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Monday, December 16, 2013



Countess Elizabeth Báthory de Ecsed (Báthory Erzsébet in Hungarian, Alžbeta Bátoriová in Slovak; 7 August 1560 – 21 August 1614) was a countess from the renowned Báthory family of nobility in the Kingdom of Hungary. She has been labelled the most prolific female serial killer in history and is remembered as the "Blood Countess," though the precise number of victims is debated. The stories of her sadistic serial murders and brutality are verified by the testimony of more than 300 witnesses and survivors as well as physical evidence and the presence of horribly mutilated dead, dying and imprisoned girls found at the time of her arrest
Despite the evidence against her however, Elizabeth herself was never put on trial because of her family's influence, being instead placed under house arrest. The stories about her vampire like tendencies (being accused of bathing in blood to rejuvenate her skin etc.) are much less verifable than those of her sadism as unlike the easily verified deaths of servants and young girls, these were generally recorded some years after her death. It quickly became part of national folklore.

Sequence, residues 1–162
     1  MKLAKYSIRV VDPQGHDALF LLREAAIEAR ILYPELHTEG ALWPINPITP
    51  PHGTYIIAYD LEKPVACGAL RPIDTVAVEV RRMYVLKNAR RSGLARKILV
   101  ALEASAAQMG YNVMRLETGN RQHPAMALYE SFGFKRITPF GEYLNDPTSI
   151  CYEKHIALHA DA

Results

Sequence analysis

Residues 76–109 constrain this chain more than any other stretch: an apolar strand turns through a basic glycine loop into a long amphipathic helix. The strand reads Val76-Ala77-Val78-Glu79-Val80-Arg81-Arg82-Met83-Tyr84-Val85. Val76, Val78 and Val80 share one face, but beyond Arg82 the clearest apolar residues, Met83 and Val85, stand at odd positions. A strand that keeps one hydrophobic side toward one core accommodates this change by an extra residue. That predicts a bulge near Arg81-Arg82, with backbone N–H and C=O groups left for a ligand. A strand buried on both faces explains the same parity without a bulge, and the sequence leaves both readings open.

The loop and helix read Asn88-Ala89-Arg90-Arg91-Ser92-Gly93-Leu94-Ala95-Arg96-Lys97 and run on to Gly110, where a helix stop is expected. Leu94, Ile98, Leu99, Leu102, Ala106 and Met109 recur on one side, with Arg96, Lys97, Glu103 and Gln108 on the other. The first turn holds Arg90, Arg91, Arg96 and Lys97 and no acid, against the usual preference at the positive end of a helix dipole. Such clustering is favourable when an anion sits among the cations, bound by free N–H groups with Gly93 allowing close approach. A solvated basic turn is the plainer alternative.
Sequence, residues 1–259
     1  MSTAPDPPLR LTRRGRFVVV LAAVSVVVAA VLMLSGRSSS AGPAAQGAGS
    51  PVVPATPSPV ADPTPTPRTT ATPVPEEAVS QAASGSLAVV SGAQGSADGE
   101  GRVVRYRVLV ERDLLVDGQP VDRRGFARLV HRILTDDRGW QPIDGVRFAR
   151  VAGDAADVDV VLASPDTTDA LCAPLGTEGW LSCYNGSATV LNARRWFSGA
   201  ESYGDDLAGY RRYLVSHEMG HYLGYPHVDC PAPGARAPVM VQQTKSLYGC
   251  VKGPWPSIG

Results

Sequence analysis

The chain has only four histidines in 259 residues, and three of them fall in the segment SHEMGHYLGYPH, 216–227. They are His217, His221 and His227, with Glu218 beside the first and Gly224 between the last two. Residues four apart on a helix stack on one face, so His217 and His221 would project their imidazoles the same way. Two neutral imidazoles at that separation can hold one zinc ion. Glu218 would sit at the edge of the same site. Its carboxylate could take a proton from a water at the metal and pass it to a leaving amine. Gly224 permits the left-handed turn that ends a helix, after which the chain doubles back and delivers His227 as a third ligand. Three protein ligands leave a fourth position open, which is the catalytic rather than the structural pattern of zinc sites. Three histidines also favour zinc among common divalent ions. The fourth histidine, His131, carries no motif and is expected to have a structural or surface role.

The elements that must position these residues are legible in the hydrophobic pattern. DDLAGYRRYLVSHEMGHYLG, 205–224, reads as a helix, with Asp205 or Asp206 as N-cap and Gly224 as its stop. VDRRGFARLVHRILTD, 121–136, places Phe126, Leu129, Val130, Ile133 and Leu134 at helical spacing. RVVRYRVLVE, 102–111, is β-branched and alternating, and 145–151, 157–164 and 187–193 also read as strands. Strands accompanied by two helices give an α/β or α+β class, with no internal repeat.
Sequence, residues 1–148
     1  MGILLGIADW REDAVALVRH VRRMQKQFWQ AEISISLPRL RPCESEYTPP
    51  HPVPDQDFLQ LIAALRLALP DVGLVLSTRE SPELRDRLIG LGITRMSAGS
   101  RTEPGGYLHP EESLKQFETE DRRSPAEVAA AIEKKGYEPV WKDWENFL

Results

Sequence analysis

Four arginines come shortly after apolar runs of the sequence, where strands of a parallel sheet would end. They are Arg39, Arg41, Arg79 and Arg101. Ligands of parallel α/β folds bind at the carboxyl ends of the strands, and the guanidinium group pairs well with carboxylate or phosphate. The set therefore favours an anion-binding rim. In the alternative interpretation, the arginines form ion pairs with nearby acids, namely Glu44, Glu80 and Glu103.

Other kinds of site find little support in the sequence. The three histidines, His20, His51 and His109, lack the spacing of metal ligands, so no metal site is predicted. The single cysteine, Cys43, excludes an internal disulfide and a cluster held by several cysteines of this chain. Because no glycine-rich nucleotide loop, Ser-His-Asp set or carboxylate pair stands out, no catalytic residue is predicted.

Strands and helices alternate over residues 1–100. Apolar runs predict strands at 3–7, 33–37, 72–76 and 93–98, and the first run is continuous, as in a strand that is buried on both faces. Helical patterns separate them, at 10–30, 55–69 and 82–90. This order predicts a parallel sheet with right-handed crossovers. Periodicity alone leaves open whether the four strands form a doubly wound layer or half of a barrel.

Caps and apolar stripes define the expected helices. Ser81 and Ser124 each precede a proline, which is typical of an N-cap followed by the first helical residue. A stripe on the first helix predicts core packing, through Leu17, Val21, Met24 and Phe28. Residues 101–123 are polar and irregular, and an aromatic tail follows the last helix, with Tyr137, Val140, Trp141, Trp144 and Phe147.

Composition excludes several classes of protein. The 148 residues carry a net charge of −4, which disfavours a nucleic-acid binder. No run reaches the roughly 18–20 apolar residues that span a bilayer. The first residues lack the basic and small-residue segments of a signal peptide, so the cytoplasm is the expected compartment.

After her husband Ferenc Nádasdy's death, she and four collaborators were accused of torturing and killing hundreds of girls, with one witness attributing to them over 650 victims, though the number for which they were convicted was 80. Due to her rank, Elizabeth herself was neither tried nor convicted, but promptly imprisoned upon her arrest in December 1610 within Csejte Castle, Upper Hungary, now in Slovakia, where she remained immured in a set of rooms until her death four years later.

The case led to legendary accounts of the Countess bathing in the blood of virgins to retain her youth, and subsequently also to comparisons with Vlad III the Impaler of Wallachia, on whom the fictional Count Dracula is partly based, and to modern nicknames of The Blood Countess and Countess Dracula.

Despite the overwhelming evidence aginst her however, in recent years various revisonists have attempted to allege that Bathory was in fact an innocent, advancing a variety of fanciful theories ranging from a catholic conpiracy to the claim that the sadistic Bathory was in reality an abortion doctor or a naturalistic healer.
Saturday, December 14, 2013
 
 
 
 
The story of Lavinia Fisher has been made into legend since her execution in Charleston, South Carolina in 1820. Lavina is known as America's first female serial killer.

The story told for the last 120 relates like this. John and Lavinia Fisher owned a simple hotel or inn, The Six Mile Wayfarer House, on an almost deserted road outside of Charleston, South Carolina. The building was well kept and was a good stop for the out of the way but often traveled highway , but it was rumored that sometimes guests checked in and did not check out. One night a fur trader named John Peoples stopped at the inn and was warmly greeted by the Fishers. The beautiful Lavinia Fisher was overly friendly and perhaps flirtatious. Peoples thought the Fishers were being a little too odd and, suspicious of their intentions, he went turned in early.